Hagan decries Republicans' rule as reason for Youngstown's plight
The Democratic candidates said they need strong voter turnout to beat their Republican counterparts.
By DAVID SKOLNICK
VINDICATOR POLITICS WRITER
YOUNGSTOWN -- Democratic gubernatorial candidate Tim Hagan took his wife, actress Kate Mulgrew, on a stroll through downtown Youngstown, where he often spent time while growing up in the Mahoning Valley.
He didn't like what he saw.
"It breaks my heart to come here," said Hagan, who joined other Democratic statewide candidates on a Wednesday stop to downtown Youngstown as part of a two-day bus trip around the state.
Hagan, who grew up in Trumbull County, remembers Youngstown 40 years ago, when the city was bustling with industry and business. Now he sees boarded-up and abandoned buildings.
Blames the Republicans
The situation during the last 12 years, with Republicans controlling the state, has only gotten worse, Hagan said.
"The neglect of the political leadership in this state is so evident walking through this downtown," he said. "We can never return to the '50s and the '60s. It will never be the town it was when I grew up. But we can do something. You can measure 12 years of Republican rule by going to downtown Youngstown."
Hagan said that if elected, he would redirect state money toward the revitalization of urban downtowns in need of assistance, such as Youngstown. Hagan and the other statewide Democratic candidates who visited Youngstown acknowledge they need the overwhelming support of Mahoning Valley voters to have a fighting chance at beating their Republican counterparts. The Valley is one of the Democrats' political strongholds in Ohio.
"It's critically important to do well in the Mahoning Valley," said Charleta Tavares, Hagan's running mate. "We have to do well in our areas of strength. We need to do exceptionally well here."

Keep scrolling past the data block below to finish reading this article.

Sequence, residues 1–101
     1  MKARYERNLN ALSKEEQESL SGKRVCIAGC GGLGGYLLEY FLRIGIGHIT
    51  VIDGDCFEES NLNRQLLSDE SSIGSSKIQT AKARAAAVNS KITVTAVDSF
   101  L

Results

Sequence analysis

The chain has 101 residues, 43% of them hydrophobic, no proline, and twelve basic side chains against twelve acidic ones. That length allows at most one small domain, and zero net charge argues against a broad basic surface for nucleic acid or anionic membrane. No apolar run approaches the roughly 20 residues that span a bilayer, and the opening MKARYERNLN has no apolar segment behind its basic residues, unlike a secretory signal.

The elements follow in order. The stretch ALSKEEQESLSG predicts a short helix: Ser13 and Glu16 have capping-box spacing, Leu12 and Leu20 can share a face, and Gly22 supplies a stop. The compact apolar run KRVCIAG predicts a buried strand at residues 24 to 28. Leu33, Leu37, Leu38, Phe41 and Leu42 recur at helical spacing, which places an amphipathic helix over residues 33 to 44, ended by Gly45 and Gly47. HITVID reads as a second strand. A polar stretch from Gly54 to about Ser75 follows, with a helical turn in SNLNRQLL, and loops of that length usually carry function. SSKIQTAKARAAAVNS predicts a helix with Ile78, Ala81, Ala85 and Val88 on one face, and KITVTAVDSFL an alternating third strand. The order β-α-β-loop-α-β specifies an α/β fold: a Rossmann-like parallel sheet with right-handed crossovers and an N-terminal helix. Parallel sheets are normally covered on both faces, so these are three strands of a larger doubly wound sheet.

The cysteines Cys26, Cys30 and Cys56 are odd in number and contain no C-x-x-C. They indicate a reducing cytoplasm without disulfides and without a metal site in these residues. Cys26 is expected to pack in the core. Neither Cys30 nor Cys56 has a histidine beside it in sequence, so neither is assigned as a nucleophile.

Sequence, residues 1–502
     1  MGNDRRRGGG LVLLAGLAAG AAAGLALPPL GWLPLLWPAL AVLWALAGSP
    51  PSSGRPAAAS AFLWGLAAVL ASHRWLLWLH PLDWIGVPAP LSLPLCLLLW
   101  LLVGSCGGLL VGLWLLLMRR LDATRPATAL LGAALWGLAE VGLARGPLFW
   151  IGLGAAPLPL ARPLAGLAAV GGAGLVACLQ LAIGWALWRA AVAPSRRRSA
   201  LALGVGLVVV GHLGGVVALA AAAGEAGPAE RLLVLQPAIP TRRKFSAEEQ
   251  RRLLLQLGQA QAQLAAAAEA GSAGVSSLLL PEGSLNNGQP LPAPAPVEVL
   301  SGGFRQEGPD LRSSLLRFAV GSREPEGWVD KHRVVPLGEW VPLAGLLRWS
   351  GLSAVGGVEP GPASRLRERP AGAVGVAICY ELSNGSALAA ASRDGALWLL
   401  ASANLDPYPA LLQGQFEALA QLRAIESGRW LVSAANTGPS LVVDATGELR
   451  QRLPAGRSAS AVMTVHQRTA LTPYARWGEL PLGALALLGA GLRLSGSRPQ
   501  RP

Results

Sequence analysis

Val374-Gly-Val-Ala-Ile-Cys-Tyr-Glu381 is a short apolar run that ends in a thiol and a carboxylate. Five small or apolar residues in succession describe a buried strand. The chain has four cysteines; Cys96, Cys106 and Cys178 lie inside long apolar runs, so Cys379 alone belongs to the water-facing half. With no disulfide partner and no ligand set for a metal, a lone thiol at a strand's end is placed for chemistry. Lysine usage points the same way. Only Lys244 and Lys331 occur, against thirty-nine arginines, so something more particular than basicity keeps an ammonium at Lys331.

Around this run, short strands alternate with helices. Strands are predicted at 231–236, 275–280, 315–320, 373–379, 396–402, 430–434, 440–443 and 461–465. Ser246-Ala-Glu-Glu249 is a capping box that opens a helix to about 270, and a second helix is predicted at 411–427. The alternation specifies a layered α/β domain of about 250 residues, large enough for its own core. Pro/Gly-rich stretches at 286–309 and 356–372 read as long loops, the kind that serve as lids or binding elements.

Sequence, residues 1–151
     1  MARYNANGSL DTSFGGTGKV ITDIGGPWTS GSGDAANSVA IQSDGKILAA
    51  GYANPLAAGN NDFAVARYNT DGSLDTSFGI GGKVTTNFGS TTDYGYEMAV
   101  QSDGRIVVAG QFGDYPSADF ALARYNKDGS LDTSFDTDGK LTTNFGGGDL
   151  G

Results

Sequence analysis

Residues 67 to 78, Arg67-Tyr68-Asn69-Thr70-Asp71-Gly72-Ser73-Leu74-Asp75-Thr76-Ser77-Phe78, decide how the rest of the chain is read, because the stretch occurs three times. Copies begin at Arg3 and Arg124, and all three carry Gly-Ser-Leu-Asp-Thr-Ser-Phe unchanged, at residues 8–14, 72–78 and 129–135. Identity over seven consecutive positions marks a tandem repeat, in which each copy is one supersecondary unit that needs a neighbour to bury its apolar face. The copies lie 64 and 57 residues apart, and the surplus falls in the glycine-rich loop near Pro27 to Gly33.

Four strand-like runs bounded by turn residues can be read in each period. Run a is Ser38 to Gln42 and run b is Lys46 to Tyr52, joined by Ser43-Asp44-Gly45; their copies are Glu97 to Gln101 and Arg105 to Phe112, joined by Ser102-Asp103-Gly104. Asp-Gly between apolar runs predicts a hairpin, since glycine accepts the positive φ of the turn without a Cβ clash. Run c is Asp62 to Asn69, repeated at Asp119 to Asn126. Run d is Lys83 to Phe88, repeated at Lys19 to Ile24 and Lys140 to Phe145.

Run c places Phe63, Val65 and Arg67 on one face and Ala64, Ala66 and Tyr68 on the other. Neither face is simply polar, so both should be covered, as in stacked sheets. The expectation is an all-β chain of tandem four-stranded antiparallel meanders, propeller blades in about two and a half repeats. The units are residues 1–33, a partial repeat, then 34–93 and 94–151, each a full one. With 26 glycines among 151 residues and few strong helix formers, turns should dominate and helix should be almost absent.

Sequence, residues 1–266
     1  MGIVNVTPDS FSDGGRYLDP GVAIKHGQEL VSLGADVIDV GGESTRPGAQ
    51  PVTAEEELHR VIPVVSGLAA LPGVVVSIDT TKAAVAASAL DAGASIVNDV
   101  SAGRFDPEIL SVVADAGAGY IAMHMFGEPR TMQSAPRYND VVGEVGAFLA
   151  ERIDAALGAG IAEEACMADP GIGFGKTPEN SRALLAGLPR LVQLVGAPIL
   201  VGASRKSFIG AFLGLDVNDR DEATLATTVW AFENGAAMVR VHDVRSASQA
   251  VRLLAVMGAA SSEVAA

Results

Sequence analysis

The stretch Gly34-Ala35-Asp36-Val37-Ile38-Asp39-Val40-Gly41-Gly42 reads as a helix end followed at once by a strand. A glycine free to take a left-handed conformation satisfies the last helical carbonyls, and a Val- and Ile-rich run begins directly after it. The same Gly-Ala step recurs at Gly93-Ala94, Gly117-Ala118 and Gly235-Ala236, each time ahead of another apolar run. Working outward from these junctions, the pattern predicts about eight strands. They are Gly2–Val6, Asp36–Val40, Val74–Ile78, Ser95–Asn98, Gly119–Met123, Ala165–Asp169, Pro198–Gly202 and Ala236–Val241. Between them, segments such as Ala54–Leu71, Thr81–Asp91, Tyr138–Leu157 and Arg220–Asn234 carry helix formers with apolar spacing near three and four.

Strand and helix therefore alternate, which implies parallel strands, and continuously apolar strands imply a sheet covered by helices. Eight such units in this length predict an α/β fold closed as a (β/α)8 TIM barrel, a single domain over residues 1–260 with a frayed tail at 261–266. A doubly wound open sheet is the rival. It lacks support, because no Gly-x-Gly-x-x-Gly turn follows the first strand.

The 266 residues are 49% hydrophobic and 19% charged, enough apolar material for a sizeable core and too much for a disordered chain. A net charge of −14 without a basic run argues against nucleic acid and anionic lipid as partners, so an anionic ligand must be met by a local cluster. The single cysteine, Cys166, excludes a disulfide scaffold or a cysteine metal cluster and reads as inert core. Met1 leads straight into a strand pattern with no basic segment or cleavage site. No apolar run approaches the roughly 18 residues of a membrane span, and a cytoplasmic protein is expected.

Because of the Valley's political leanings, Democratic candidates are expecting strong numbers from it to offset anticipated shortcomings in strong Republican areas such as Southwest Ohio, said Leigh Herington, Democratic attorney general candidate.
Need for support
"It's so important to get the support of the Mahoning Valley," he said. "With that support, we can take the state back."
Secretary of State candidate Bryan Flannery, a frequent visitor to the Valley during his campaign, said Democrats must focus much of their attention on getting strong numbers here on Election Day.
"We can't take this area for granted," he said. "We have to be here and be visible and be out here as much as we can."
Republicans have held every nonjudicial statewide office for seven years and have held the governor's office for the past 12 years.
The statewide candidates finished a two-day, six-city bus tour in Youngstown. The tour will resume Tuesday and stop in six other cities in two days.
About 75 people attended the Youngstown rally, including Mark Munroe, Mahoning Republican vice chairman, and Raymond Butler, a Republican who works at the county elections board. The pair videotaped the event. Munroe agreed that there should be an elimination to one-party rule, but he was referring to the dominance of Democrats in Mahoning County.
"Democrats have ruled this Valley for 20 years and look what it's gotten us; indictments, arrests and convicted felons," Munroe said.